I took part in a live Q&A for The Guardian’s Public Leaders Network (28 March 2014), alongside David Blunkett and a range of other experts in the democracy field, discussing public involvement in politics and policy-making. Here is a summary of the discussion.
Why are so many people disengaged with politics?
Those who vote have their voices heard: The budget offered proof in spades that this is the case. The more disengaged, the less likely that political parties will believe that a vote will be cast and therefore will seek a response from those in marginal seats who they are almost certain will vote – the better off, better educated and the older cohort of voters.
– David Blunkett, former home secretary and Labour MP for Sheffield
Politics has never been popular and never will be: It is about conflict and about power. It will always disappoint someone. It affects us all, we all have our view.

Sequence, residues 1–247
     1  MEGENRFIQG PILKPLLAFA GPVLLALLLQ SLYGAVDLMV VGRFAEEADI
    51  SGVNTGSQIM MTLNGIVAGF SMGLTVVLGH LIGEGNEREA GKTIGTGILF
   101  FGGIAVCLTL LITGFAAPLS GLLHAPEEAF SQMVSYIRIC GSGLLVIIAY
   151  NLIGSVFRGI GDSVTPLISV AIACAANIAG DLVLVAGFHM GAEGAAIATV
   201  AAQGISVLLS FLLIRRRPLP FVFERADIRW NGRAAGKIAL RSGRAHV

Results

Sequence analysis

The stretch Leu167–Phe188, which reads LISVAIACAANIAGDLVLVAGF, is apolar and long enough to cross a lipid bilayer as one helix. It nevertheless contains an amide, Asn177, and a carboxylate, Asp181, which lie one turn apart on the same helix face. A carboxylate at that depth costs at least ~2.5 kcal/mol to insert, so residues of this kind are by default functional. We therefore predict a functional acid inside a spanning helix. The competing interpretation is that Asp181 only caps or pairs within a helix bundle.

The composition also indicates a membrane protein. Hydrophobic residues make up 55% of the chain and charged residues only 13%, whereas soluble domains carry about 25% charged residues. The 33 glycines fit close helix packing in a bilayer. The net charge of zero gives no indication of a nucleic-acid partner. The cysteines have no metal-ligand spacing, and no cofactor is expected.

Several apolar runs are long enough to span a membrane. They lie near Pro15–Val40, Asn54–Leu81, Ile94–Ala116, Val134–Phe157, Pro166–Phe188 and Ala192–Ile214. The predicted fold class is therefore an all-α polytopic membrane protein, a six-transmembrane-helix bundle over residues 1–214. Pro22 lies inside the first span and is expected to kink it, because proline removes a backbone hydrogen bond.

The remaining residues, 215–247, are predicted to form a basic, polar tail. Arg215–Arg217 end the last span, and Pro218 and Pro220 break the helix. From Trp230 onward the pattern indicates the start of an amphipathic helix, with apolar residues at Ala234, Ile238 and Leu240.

– Cristina Leston-Bandeira, a politics lecturer at the University of Hull
The language used by senior politicians in the media is absolutely dire: There seems very little effort by the media to explain political decisions, rather than just jumping on any perceived gaffe or conflict. The way many politicians cope with this – by being incredibly boring – creates further distance with voters.
– Richard Berry, a researcher for the Democratic Audit
Image: Dominic Campbell